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Caribbean youth representatives were among the delegates who attended the ECOSOC Youth Forum, February 2-3 at the UN Headquarters in New York. The Forum held under the theme “Youth Engagement in the transition from MDGs to SDGs: What will it take?” was organized by the United Nations Economic and Social Council (ECOSOC) to discuss ways in which young people can and are helping to manage the shift from the Millennium Development Goals (MDGs) to the Sustainable Development Goals (SDGs).

The SDGs are a new, universal set of goals, targets and indicators that UN Member States will be expected to use to frame their agendas and development policies over the next 15 years. The SDGs, expected to be adopted by UN Member States at a Summit in September 2015,  follow, and expand on, the Millennium Development Goals (MDGs), which were agreed by governments in 2000, and are due to expire at the end of  2015.

“The forum also addressed ways to ensure that the needs and priorities of all youth are at the centre of the future development agenda and its implementation,” said Shamoy Hajare, a Jamaican youth delegate and a member of the UNFPA Youth Advisory Group (YAG) who participated in the event.  “Youth delegates were given the opportunity to openly express their opinions, share their ideas and think collectively about current youth issues and the role young women and men will play in enabling and promoting sustainable development.”

 “There were also discussions on how youth issues can be mainstreamed in other global and regional processes, along with other processes happening around the post-2015 development agenda and its implementation,” she noted.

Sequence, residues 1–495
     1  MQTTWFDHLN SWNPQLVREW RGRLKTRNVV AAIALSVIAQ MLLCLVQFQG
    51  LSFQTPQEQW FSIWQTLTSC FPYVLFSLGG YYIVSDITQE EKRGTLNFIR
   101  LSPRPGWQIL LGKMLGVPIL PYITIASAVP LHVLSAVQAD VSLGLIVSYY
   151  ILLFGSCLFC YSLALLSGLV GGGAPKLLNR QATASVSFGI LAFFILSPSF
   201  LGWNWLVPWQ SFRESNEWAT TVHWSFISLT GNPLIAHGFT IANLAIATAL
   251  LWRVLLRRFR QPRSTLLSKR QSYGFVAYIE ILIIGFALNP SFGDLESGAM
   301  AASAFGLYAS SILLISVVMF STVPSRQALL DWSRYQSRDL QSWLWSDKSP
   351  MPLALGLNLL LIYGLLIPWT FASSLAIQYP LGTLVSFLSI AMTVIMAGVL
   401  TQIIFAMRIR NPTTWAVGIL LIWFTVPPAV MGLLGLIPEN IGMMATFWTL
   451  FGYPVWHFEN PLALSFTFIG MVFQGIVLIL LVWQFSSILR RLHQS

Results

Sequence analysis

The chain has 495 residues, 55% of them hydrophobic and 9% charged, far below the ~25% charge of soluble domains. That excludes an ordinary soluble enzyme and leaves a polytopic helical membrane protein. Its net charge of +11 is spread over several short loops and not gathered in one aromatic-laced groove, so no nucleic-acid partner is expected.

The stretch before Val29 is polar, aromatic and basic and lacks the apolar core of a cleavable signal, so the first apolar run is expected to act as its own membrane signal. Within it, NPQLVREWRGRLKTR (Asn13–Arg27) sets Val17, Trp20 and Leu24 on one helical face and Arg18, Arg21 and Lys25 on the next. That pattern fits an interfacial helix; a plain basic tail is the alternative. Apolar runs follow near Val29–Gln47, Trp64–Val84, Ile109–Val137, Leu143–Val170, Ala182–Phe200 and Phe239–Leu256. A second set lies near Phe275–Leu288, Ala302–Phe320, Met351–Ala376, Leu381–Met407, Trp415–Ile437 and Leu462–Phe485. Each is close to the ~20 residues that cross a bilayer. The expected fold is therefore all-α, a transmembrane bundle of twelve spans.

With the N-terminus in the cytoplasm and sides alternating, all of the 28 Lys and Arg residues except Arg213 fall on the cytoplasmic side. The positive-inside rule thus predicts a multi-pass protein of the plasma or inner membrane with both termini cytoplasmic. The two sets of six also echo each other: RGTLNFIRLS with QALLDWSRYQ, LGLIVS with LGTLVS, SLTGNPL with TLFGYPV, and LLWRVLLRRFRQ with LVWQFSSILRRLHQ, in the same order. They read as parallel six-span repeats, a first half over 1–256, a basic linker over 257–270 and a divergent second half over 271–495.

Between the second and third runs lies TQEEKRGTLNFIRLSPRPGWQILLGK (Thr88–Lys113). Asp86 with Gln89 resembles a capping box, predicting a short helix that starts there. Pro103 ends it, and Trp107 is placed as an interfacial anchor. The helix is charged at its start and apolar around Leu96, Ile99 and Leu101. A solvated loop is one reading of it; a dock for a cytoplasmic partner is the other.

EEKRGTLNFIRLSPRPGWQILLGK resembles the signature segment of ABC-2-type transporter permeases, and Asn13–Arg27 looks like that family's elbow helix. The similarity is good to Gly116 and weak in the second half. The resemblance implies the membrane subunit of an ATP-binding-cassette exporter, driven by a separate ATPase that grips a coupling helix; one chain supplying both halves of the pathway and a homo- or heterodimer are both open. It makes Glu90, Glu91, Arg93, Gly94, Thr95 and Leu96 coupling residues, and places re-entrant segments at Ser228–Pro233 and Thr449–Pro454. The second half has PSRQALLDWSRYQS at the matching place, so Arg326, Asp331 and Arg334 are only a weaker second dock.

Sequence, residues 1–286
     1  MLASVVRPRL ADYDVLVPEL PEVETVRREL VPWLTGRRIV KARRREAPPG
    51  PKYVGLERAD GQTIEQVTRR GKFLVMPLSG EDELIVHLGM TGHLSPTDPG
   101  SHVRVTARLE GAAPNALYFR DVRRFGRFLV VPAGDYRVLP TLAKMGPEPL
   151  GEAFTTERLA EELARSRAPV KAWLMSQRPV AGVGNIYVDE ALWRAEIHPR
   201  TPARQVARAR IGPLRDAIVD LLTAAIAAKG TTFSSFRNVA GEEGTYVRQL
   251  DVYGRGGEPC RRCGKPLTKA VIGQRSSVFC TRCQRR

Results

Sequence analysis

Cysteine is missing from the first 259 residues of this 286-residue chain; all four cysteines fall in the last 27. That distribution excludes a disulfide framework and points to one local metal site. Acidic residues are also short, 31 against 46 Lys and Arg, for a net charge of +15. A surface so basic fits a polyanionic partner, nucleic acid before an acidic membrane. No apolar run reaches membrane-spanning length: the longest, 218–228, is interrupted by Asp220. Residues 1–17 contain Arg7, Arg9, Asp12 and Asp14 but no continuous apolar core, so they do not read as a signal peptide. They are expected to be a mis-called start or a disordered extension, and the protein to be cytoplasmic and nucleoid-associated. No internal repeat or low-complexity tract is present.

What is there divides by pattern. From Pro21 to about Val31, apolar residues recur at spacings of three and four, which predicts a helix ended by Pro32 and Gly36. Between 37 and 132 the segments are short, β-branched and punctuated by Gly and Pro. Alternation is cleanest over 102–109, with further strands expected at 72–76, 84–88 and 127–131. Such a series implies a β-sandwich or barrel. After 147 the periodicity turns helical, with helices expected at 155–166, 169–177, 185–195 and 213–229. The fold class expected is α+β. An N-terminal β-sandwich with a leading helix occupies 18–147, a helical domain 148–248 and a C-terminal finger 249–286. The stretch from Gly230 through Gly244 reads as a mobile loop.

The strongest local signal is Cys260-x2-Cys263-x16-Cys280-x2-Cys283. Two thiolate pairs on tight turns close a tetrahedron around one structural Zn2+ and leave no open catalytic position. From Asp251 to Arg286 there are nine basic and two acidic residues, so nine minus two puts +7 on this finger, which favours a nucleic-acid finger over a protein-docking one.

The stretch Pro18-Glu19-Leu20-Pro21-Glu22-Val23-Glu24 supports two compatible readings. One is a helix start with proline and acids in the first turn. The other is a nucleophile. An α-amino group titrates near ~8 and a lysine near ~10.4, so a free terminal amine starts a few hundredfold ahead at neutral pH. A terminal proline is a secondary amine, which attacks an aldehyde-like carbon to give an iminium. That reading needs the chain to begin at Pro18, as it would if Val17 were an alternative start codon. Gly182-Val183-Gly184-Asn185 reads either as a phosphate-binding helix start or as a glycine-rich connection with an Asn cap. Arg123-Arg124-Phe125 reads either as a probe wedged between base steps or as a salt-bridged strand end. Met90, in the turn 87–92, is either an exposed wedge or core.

Young people are an important constituent for UNFPA, the United Nations Population Fund. Globally, today’s youth population stands at a record 1.8 billion. Those under the age of 30 comprise 60 per cent of the population of CARICOM countries. 
In recognition of the enormous opportunity that young people present for transforming the future, the UNFPA Sub-regional Office for the Caribbean has always reached out and engaged them in its programme development and implementation. An example of this is the Youth Advisory Group (YAG), established in 2006 to serve as a sounding board and a forum for consultation between UNFPA and Caribbean young people. The YAG assists the office in ensuring that it adequately addresses young people’s concern, particularly regarding their sexual and reproductive health and rights, HIV/AIDS and gender issues.

Although not all were able to attend the ECOSOC Youth Forum, they were encouraged and facilitated to participate in the discussions online.

“To whom much is given, much is expected,” Ms. Hajare stated. “Youth delegates must equally hold themselves accountable as they do their leaders during the implementation of the SDGs. Youth are experts in identifying their needs and are key experts in addressing them when given the tools and opportunity to do so. The ECOSOC Youth Forum was one of the many tools young people have been given to actively participate in global processes to positively impact their countries and regions.”

 The onus is on youth who participated in the forum to use their initiatives and maximize on their innovative spirits to facilitate change, she continued. “A good place to start would be to conduct local youth consultation focusing on the sensitization and implementation of the Post-2015 Development Agenda and making a correlation with national and regional sustainable development goals to the SDGs.”

 Emphasis must also be on linking these processes to national and local discussions for youth development during the implementation process, she stated. “Youth delegates can also create regional and national networks and partnerships with governments, UN country and regional teams and all other stakeholders to ensure that the SDGs are successfully implemented with youth priorities and involvement as core objectives.”